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28th November 2017, 13:16 #1
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MonteCarlo simulation
Hi!
I try to run a montecarlo simulation analysis in cadence.
I run gauss mode with sampling method  Latin Hypercube.
And what is the general difference between two analisys  uniform and gauss?
As I know, the gauss mode of simulation is more realistic than the uniform mode. The gauss mode uses a bell curve approach as it randomly pick values in the range of error specified but with the majority of the values near the resistor value. And, the uniforn mode of deviation randomly selects values within the range specified oblivious of what the actual value of the resistor is.
Thanks in advance.

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29th November 2017, 19:27 #2
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Re: MonteCarlo simulation
You already described the difference between the two distribution types correctly, I think. Considering its application depends on what you need: if you want to MCsimulate the variance of a device parameter, the Gauss distribution is the adequate choice, because devices are made to meet a required value which spreads around its mean value with a Gauss type distribution.
Uniform distribution could be chosen if you are looking for the right value of a device parameter between two limits  but this wouldn't necessarily need a MC simulation  a sweep could achieve the same purpose.

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30th November 2017, 00:25 #3
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Re: MonteCarlo simulation
In General, Statistical Probability Distribution a Process Variable in a PDK is given by Gaussian/Natural Distribution that is logical.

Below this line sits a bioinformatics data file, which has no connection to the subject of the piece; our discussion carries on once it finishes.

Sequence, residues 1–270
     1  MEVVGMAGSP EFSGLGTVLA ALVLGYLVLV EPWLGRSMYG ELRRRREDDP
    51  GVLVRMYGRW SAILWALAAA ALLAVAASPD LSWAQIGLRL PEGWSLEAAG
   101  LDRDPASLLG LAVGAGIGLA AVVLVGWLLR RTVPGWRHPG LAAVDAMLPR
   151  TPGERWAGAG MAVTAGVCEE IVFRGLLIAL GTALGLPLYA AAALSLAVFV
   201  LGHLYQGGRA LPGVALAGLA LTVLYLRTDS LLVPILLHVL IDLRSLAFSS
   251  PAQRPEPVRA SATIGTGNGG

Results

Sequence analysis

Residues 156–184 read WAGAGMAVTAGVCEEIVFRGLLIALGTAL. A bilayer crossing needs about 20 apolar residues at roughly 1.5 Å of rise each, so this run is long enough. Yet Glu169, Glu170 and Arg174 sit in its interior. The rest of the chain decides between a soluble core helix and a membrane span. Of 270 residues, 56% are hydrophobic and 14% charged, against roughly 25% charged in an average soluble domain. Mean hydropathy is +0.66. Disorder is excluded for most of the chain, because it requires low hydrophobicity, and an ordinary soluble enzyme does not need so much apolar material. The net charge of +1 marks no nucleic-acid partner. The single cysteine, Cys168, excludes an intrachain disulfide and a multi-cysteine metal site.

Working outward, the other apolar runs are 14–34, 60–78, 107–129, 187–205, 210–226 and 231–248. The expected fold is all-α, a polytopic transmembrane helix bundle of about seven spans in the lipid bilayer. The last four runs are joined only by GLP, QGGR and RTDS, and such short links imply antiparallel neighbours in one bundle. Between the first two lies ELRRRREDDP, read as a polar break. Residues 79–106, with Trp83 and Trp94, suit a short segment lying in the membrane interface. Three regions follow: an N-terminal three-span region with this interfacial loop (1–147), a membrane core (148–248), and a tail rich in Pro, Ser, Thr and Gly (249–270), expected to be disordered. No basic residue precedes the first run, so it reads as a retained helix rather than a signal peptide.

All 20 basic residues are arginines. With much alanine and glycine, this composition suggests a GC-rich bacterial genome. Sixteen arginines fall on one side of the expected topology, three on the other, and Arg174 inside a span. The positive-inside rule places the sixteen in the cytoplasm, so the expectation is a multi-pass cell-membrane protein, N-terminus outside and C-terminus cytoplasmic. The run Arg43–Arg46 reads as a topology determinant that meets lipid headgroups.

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30th November 2017, 02:45 #4
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Re: MonteCarlo simulation
The proper distribution to use, depends on the real
distribution.
For example a process feature (say, sheet resistance)
which has +/ 3 sigma limits based on large lot sample
history is probably a good bet for a gauss() (normal)
distribution model.
That same process, if acceptance limits are closerin
(say, process scatter runs to +/30% but you insist
to screen to +/10% for production) may well look
more like "uniform" because you're throwing away the
"tails".
And many attributes tend to follow other distributions
(lognormal is especially common).
For a real, relevant Monte Carlo you also need the
correlation coefficient matrix (for example, TOXP and
TOXN would be highly correlated and not allowed to
wander apart; beta and Early voltage, highly anti
correlated and no point simulating an op amp with
both gm and Rout impossibly high at once). Param
interactions can make screwy results if you let all
of the model params that matter, be random and
entirely independent.
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30th November 2017, 03:38 #5
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Re: MonteCarlo simulation
And what is the general difference between two analisys  uniform and gauss?
You need to look at the system and their behaviour. Basically all Monte Carlo methods are useful in integration. You are basically evaluating a function at random points and comparing the expected vs the real value.
If your variables are distributed approximately randomly in a Gaussian manner, then go ahead and use the gauss mode. But this information must come from the user (and that is the reason there is another option for uniform distribution.
You simulate 1000 random number and plot; you will get an uniform distribution.
You use the same 1000 random numbers and use a running average of two consecutive numbers (i and i+1) and plot the graph: you will get a gaussian distribution.
Sometimes a Gaussian distribution with a large variance may be easier to simulate as a uniform distribution.
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